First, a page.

Even as he boasted in his nationwide address about India’s ability to shoot down an adversary’s satellites, Modi claimed that India’s intentions were purely peaceful and that the March 27 test was not directed against any country. A subsequent Ministry of External Affairs statement asserted India is “against the weaponisation of Outer Space and support(s) international efforts to reinforce the safety and security of space based assets.”

However, Finance Minister Arun Jaitley, appearing at a press conference with Defence Minister Nirmala Sitharaman only hours after Modi’s address, was much more forthright, declaring that India has to prepare for “tomorrow’s wars.”

“We should remember,” said Jaitley, “tomorrow’s wars will not be the same as yesterday’s wars. Conventional army, navy, cyber, space… we have to prepare for all these. We are in such a geopolitical situation in the world, where our preparedness is our deterrent and … our biggest security.”

In its report on Jaitley’s remarks, the Indian Express added that government sources insisted India’s demonstration of its “power to destroy” in space would bolster its international stature and thereby ensure New Delhi will be among the “exclusive club” of states that will determine the rules governing space.

Modi has now incorporated the downing of the satellite into an election stump speech that was already bristling with nationalist bellicosity. At an election rally Thursday in Uttar Pradesh, Modi, referencing the cross-border attack he ordered on Pakistan in September 2016 and February’s bombing raid, boasted that his government has shown the courage to conduct “surgical strikes” in all spheres—“land, sky and space.” He then went on to declare the election a contest between “a decisive government and an indecisive past.”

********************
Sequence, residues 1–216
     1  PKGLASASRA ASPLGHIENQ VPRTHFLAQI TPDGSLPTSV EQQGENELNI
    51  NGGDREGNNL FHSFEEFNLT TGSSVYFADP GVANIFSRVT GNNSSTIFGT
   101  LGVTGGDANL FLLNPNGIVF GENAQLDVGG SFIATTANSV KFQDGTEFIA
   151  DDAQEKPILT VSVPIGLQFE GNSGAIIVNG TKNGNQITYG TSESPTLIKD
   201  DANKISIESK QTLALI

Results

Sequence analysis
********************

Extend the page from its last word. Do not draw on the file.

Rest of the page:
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All the opposition parties, from the Congress and a parade of regional and caste-based parties to the Stalinist Communist Party of India (Marxist) or CPM, have voiced support for the reactionary geo-political ambitions of Indian elite associated with last week’s missile test, while criticizing Modi for milking it for electoral gain. This is basically the same attitude they took to the February 26 airstrike: supporting the attack, while criticizing Modi for “politicizing” it.

Congress Party President Rahul Gandhi issued a tweet congratulating the DRDO and the Indian Space Research Organization (ISRO) on the success of the test, while sarcastically wishing Modi a “very Happy World Theatre Day.” For his part, senior Congress leader Ahmed Patel tweeted that it was India’s previous Congress-led United Progressive Alliance government that “had initiated the ASAT (anti-satellite) program which has reached fruition today.”